The wine education portion of the training will be ongoing, and all staff members will be required to participate. Wine tastings and wine games will be used to engage staff in activities that will allow them to share their knowledge, preferences and experiences.

Students who actively engage with what they are studying tend to understand more, learn more, remember more, enjoy it more and be more able to appreciate the relevance of what they have learned, than students who passively receive what we teach them .

Additionally, when educational opportunities present themselves, such as during harvest, the staff will be invited to engage in hands-on activities in the cellars. As Caruth (2014) explains, “educators and educational institutions globally are encouraged to make opportunities available to all learners to be involved in learner-centered educational experiences” (p. 21). Furthermore, the winery will organize trips to the vineyards, trips to other wine regions as well as owner guided winery tours. Lastly, students will keep a wine tasting journal, so that they can write about any other wine related experiences, such as the discovery of a new winery or wine or wine tasting trips that they organized on their own time. Researchers have found “that students’ insights became more profound as their journals progressed, and the nature and quality of thinking and reflection, as well as their influence on practice, also developed” .These activities also support the principles of andragogy as they encourage learning that is self-directed and provides opportunities for students to learn from their experiences as well as their coworkers experiences. Instructors will gain insight into the depth of staff’s knowledge by participating in tasting discussions as well as the winery organized trips.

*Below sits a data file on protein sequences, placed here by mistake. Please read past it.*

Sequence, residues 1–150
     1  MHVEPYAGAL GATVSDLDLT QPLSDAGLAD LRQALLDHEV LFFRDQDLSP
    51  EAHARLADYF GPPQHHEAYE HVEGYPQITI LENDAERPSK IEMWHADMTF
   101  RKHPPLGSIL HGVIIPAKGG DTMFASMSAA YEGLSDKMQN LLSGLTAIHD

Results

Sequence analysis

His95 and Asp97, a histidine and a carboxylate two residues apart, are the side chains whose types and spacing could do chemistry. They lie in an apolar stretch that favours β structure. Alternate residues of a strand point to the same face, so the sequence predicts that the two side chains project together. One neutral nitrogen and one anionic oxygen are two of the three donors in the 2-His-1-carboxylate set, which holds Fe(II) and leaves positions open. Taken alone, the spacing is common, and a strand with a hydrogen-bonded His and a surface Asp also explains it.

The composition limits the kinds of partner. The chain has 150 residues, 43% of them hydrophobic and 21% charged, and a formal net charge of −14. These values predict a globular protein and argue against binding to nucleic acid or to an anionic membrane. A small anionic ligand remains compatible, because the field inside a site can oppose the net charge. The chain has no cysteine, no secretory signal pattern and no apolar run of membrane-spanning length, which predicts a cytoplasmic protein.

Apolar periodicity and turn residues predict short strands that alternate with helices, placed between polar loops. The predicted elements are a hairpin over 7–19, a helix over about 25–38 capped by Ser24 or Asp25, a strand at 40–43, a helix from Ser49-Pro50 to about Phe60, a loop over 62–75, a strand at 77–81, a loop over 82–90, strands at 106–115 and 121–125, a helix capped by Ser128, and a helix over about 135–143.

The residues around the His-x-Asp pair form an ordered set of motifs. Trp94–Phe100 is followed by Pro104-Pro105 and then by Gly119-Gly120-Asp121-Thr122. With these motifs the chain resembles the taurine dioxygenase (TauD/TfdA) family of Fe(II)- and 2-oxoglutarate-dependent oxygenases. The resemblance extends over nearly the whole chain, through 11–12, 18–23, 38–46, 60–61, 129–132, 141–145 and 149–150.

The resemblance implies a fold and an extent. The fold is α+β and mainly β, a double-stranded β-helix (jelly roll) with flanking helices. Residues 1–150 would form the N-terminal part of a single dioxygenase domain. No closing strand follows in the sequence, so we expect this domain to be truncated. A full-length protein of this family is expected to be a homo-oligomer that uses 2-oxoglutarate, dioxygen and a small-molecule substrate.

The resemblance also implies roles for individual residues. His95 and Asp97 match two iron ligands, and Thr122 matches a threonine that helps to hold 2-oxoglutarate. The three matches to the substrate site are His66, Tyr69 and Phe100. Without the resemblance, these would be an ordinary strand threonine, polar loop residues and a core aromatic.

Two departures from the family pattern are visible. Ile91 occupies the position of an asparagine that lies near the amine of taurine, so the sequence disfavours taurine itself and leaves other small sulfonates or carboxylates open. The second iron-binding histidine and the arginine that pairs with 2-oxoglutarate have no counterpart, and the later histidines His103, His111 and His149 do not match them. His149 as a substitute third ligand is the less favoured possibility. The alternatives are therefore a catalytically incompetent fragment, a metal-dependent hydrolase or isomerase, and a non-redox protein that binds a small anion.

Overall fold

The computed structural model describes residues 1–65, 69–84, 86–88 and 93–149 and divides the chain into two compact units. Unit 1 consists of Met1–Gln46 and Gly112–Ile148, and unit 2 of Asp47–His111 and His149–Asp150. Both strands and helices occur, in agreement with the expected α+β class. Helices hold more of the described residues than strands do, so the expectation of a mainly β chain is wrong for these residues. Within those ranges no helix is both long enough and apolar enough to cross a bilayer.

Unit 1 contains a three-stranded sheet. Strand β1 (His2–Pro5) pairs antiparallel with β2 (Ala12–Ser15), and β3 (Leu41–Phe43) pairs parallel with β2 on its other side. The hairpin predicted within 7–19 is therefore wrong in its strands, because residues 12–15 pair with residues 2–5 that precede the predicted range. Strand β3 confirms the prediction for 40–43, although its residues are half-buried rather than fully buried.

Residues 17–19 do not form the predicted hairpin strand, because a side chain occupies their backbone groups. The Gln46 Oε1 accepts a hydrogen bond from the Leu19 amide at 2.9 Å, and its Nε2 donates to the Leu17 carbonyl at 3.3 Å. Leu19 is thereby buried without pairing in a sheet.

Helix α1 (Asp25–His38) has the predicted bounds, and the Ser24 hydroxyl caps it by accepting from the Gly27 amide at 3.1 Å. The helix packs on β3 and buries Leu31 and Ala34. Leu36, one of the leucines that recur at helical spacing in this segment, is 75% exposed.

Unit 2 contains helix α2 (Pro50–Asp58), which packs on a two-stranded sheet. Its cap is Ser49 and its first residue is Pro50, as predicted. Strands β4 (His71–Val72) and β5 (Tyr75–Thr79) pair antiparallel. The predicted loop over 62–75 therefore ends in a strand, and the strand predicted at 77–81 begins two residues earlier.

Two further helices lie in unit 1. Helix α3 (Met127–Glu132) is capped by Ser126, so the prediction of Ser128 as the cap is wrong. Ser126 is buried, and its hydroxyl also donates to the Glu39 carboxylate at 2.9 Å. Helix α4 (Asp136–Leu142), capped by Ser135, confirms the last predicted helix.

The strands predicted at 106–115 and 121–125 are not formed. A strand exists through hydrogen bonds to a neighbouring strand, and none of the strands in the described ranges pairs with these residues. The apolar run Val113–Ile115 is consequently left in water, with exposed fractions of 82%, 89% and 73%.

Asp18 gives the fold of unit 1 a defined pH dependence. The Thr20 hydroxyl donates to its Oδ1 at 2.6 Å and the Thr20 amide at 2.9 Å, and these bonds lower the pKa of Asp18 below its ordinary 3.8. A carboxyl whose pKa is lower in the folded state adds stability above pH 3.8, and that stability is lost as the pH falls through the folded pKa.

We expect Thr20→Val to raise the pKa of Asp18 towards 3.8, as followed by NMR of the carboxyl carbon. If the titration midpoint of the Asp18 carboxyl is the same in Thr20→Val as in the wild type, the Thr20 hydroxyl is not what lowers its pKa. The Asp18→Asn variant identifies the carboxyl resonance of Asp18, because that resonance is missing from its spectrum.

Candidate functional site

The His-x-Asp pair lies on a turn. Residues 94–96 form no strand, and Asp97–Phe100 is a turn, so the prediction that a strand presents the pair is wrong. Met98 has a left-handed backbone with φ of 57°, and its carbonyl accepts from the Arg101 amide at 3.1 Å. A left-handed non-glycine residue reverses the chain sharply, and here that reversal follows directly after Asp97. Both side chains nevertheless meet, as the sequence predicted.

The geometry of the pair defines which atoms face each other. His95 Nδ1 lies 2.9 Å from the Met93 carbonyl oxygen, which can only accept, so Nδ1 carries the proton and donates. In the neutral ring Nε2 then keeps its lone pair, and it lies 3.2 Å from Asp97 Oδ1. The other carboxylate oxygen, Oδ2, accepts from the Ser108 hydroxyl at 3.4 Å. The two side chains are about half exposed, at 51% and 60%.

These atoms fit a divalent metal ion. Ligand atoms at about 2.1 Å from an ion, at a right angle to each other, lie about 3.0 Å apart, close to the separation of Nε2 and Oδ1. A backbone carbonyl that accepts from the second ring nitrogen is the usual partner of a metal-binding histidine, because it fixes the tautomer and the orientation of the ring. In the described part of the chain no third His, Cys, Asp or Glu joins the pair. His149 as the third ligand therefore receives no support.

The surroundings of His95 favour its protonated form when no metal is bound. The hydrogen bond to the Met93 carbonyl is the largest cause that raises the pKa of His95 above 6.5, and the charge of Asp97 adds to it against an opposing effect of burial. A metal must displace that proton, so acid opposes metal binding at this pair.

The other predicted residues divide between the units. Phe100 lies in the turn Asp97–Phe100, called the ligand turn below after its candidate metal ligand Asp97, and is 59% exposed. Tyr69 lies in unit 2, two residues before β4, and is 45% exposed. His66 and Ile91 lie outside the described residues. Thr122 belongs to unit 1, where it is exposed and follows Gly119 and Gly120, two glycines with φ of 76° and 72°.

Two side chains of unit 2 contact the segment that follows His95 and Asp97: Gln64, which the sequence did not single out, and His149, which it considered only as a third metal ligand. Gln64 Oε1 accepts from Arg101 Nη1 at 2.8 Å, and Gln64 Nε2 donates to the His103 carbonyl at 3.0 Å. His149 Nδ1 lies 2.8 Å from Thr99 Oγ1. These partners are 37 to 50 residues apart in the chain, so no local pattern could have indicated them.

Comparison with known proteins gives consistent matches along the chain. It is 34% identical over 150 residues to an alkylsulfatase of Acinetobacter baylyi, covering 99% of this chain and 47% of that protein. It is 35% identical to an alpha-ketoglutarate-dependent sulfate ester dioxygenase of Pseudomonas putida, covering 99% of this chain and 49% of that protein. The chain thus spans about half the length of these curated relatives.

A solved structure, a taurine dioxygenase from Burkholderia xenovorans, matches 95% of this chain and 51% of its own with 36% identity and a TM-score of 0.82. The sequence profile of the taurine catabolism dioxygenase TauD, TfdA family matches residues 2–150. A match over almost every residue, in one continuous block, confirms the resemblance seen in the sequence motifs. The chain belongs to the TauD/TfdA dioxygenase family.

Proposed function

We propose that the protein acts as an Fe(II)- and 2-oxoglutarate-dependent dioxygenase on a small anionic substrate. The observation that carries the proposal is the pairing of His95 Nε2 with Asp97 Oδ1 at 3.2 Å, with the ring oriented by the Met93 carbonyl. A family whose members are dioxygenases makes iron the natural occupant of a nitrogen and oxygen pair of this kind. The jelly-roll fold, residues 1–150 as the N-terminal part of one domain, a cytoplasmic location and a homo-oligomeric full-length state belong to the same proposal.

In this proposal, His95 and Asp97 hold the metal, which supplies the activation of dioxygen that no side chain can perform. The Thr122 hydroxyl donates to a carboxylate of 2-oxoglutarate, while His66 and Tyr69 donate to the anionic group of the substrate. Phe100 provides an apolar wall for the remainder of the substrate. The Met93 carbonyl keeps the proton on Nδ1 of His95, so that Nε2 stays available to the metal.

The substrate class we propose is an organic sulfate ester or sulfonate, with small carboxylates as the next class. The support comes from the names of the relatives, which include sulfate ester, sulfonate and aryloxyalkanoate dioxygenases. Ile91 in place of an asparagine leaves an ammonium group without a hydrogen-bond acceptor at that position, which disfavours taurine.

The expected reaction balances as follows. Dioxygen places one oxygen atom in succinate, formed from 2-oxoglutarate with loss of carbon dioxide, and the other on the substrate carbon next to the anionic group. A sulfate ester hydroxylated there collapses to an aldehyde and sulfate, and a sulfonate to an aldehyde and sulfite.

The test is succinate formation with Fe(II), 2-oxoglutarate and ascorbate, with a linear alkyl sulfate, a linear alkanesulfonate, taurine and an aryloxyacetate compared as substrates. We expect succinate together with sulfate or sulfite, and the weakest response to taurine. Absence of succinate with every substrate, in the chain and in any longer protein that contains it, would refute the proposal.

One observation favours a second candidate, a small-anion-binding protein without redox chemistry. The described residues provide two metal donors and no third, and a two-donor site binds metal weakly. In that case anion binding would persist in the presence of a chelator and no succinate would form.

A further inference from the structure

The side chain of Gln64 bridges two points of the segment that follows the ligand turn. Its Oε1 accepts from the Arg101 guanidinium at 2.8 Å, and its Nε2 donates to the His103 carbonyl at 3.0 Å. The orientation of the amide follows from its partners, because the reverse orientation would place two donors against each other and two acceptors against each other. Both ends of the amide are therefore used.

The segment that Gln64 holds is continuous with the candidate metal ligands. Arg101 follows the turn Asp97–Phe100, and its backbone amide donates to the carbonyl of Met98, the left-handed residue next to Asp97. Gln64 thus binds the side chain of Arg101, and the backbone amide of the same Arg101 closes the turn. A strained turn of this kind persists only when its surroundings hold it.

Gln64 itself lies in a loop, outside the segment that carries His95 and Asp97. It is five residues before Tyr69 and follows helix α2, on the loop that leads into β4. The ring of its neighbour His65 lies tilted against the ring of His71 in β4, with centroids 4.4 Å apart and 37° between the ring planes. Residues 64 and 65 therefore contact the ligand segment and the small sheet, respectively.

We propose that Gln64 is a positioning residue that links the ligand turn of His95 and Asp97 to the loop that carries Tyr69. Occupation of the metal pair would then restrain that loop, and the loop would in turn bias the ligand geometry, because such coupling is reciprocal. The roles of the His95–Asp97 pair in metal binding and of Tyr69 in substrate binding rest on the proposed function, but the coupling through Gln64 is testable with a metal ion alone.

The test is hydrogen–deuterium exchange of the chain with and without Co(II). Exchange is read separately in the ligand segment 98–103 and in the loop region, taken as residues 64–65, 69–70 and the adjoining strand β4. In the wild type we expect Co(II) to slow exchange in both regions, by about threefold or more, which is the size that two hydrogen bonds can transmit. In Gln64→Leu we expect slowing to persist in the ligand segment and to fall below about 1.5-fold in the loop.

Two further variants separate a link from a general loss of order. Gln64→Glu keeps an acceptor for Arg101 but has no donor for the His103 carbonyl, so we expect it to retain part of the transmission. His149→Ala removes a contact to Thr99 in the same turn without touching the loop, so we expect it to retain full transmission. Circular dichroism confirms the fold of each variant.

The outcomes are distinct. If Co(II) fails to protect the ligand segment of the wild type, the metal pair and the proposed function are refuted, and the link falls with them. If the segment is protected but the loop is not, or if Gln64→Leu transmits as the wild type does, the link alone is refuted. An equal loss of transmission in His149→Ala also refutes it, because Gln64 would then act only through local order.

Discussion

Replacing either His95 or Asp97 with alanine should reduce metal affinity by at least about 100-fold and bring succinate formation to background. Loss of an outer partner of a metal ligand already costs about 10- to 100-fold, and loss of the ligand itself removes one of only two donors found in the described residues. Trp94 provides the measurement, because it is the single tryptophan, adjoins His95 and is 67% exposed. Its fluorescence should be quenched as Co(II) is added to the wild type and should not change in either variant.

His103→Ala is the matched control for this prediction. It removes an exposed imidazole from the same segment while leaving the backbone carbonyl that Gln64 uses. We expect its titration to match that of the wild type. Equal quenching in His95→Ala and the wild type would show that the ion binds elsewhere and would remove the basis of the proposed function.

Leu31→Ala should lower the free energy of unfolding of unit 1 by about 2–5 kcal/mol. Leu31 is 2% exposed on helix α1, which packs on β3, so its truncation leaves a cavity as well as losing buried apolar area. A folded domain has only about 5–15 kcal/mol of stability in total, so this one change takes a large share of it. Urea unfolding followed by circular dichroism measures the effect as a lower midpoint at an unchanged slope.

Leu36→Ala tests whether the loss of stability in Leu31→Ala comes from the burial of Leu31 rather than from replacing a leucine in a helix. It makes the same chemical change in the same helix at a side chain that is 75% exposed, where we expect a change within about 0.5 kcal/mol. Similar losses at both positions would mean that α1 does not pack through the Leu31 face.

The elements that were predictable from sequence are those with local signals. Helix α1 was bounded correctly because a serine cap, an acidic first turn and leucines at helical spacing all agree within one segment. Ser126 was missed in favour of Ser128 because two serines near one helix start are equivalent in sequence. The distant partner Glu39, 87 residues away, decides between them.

To accomplish all of the elements of the new tasting room training program, multiple instructional settings will be used. Since the majority of the staff members are part-time employees, who also have full-time jobs, the primary setting for the training program will be online. A learning management system will be used to create an online learning center; wherein staff can access modules, participate in discussions, as well as access resources such as upcoming educational activities, wine informational sheets and the employee handbook. Kim’s (2010) recent dissertation study at the Claremont Graduate University found that “study participants greatly benefited from an online tool that empowered them to actively interact and collaborate with others, tracked various course- related tasks, and measured milestones as a means to provide a self-monitoring mechanism to achieve learning goals” (p. 3). Thus, the online learning center will not only eliminate the current scheduling issues, for students will be able to access the course material when it is most convenient for them, but it also is consistent with andragogy’s emphasis on self-directed learning. Students will access the training program to learn about new concepts. Also in the learning center, a discussion forum will be created; in which mentors and students will participate in discussions related to the new staff member’s experiences in the tasting room. Furthermore, a discussion group will exist for all staff members to share experiences, recommend wines, celebrate successes as well as ask questions. These forums support Knowles’ assumption that the adult learner “has accumulated a reservoir of life experiences that is a rich resource for learning” , andthe more experiences that are shared, the more useful these discussion groups will be as resources for future learning.Additionally, as Saxena (2013) explains in How Technology Supports Self-Directed Learning, “the context of self-directed learning has now changed with online learning, greater access to technology, personalized learning experiences, and access to information sources that were not available earlier.” The training program will rely on other settings as well. A more traditional classroom setting will be used for wine educational activities, and the tasting room as well as off-site locations,will be used as extensions to the online learning center. In the tasting room, staff will apply new concepts; thereby supporting another one of Knowles’ assumption which calls for the immediate application of knowledge. Lastly, both the wine educational tastings as well as the hands-on activities will further engage staff into the learning process.